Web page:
Just two days ago, a weather forecast was posted predicting a 4-10″ snow for this weekend. Really. You would wake up Saturday morning and see ten inches of snow just waiting to be shoveled. But don’t panic. Didn’t/won’t happen.
Fortunately–or not, depending on your point of view– the forecast was scrubbed. In the revised prediction, the only water you’ll see this weekend will be from your kitchen or bathroom taps. So, it went from a possibility of 10″ of snow (gasp!) to zero percent chance of precipitation of any kind.
I realize this was a ‘whew’ moment for most folks. We dodged another bullet. Maybe Spring is finally here.
The color of springtime is flowers. The color of Winter is in our imagination. Terri Guillemets
I enjoy winter. Really enjoy it. While most of my friends head south into Florida or Mexico for the cold months, I revel in winter. Drag the heavy coat and snow boots out of the closet, slip into the hunting mittens (with hand warmers, of course) and enjoy! Maybe we can strap skis or skates to the feet.
Now, before anyone thinks I’m branding myself as a ‘tough guy’, let me assure that’s not the case. I just can’t stand dripping gallons of sweat during a hot day. That is, anything over 80f.
A Facebook friend of mine once told me that if he waited until the weather was nice and comfortable, he’d be stuck inside all winter. That he lives in Labrador (so far in northern Canada you can’t drive there), might have something to do with it.
We lived through a pretty moderate winter here, and one TV meteorologist said the York area saw 19″ of snow all winter. Not much, eh? In spring, we already have accumulated 18″.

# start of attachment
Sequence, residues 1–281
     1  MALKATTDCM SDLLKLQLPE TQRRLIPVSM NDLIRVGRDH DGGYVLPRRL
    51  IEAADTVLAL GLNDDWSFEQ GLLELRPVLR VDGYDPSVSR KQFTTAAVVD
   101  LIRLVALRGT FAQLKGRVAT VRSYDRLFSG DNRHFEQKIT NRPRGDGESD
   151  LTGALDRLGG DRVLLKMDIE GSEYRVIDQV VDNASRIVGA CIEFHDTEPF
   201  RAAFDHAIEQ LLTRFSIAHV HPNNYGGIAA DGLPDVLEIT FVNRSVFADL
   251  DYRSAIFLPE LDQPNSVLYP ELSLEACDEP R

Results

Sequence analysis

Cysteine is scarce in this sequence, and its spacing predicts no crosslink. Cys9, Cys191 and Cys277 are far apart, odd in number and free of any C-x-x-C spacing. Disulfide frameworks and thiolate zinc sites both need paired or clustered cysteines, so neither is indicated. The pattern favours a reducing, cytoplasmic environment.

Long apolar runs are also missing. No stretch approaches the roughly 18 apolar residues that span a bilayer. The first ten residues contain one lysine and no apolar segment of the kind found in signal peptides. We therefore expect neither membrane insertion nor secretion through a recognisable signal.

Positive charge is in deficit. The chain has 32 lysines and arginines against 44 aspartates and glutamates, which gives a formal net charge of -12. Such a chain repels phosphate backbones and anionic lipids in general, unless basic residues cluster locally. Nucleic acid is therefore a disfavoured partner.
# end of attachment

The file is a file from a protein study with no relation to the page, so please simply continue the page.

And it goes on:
The doctor said I was not allowed to shovel any of that snow all winter. However, I could run my snowblower (Big Boy toy) after January 15 and be thrilled to see blow-able snow on the January 16. But that was just about it.
Canada was my escape to snow country this year. Canadians look at winter differently than we do, naturally. They don’t panic if a sidewalk isn’t cleared, a road isn’t dry. Apparently, they expect you to know that snow and ice is slick. If you fall, it’s your problem, not the insurance company. But if you do fall on your butt, you’ll have an army of people around to help you out, brush you off, offer you a hot beverage. Give you a place to stay until you are healed.
Winter snow is, in my mind, beautiful. Someone said everything looks better with a fresh coat of white paint. Canadian or Alaskan winter? Don’t think I could get accustomed to the long nights and regular -30f temps.
I was in Alaska one December many years ago. It was the longest couple weeks of my life. Probably one of the quickest onsets of Seasonal Affective Disorder on record.
But our winters? Oooooo. Get out and explore.
Photos courtesy of Wayne Broomfield on Facebook.